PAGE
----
With symptomatic seasonal allergic rhinitis: a randomized study

Garavello W1, Romagnoli M, Sordo L, Gaini RM, Di Berardino C, Angrisano A.

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Recent evidence suggests that nasal irrigation with hypertonic saline may be useful as an adjunctive treatment modality in the management of many sinonasal diseases.

However, no previous studies have investigated the efficacy of this regimen in the prevention of seasonal allergic rhinitis-related symptoms in the pediatric patient.

Twenty children with seasonal allergic rhinitis to Parietaria were enrolled in the study. Ten children were randomized to receive three-times daily nasal irrigation with hypertonic saline for the entire pollen season, which had lasted 6 weeks. Ten patients were allocated to receive no nasal irrigation and were used as controls. A mean daily rhinitis score based on the presence of nasal itching, rhinorrea, nasal obstruction and sneezing was calculated for each week of the pollen season.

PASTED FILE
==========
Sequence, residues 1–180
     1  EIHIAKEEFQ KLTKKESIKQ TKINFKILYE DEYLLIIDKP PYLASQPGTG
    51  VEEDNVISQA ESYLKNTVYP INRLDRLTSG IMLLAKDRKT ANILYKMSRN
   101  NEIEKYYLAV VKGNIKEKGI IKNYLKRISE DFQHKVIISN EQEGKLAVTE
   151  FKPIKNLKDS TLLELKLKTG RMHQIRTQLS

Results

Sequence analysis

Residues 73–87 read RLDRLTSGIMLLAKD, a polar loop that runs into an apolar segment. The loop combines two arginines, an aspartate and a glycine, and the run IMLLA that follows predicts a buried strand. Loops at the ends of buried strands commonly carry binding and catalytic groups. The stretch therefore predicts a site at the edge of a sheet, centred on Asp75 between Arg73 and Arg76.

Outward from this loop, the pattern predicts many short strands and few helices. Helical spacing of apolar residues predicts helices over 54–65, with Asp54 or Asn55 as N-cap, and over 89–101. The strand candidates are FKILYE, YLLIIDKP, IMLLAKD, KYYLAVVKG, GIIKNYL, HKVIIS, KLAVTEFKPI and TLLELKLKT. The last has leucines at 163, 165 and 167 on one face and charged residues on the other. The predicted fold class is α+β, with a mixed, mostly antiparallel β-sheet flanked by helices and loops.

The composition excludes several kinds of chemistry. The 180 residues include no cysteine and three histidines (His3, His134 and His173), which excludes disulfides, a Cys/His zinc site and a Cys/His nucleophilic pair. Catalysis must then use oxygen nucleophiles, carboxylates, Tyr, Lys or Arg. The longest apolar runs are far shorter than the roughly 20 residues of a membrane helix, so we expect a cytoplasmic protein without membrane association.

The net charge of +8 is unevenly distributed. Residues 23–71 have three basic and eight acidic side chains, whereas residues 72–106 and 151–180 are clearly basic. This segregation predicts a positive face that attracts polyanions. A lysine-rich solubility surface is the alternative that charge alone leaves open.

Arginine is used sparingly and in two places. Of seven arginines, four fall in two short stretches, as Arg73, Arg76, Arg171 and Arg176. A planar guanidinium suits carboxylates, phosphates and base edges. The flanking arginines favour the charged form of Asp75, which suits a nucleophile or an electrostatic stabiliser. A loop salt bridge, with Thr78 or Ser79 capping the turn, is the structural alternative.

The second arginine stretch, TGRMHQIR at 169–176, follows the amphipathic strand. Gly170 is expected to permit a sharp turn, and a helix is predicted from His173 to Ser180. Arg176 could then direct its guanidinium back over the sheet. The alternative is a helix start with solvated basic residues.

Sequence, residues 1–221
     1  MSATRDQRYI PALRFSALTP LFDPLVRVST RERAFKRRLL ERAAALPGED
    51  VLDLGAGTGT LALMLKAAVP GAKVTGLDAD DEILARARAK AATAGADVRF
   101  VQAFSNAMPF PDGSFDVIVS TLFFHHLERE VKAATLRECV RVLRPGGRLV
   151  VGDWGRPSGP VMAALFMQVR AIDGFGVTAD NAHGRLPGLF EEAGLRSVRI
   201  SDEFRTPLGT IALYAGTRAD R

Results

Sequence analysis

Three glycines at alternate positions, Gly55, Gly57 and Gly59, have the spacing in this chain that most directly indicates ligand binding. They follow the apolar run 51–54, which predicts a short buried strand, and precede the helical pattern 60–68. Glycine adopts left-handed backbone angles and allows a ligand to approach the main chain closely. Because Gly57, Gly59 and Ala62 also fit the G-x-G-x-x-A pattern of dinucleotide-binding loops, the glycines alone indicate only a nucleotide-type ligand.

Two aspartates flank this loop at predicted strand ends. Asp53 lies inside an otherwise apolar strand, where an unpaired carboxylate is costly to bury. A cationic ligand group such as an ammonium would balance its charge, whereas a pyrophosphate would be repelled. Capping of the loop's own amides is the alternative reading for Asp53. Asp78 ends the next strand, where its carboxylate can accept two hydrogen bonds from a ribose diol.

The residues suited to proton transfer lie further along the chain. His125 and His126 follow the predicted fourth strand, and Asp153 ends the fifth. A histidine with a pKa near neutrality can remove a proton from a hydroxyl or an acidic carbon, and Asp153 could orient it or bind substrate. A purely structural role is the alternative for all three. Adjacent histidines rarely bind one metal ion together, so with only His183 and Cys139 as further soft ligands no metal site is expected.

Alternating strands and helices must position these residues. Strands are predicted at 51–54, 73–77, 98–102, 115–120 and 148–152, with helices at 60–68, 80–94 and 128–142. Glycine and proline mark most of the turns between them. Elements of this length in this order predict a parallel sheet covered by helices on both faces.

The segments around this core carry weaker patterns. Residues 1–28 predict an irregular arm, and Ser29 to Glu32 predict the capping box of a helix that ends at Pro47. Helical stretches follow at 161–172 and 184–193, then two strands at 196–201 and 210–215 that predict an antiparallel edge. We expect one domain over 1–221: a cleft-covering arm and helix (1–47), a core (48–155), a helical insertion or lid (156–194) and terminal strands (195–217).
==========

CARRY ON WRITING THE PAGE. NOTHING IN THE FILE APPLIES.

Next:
Moreover, patients were allowed to use oral antihistamines when required and the mean number of drug assumption per week was also calculated. In patients allocated to nasal irrigation, the mean daily rhinitis score was reduced during 5 weeks of the study period. This reduction was statistically significantly different in the 3th, 4th and 5th week of therapy.

Moreover, a decreased consumption of oral antihistamines was observed in these patients. This effect became evident after the second week of treatment and resulted in statistically significant differences during the 3th, 4th and 6th week. This study supports the use of nasal irrigation with hypertonic saline in the pediatric patient with seasonal allergic rhinitis during the pollen season. This treatment was tolerable, inexpensive and effective.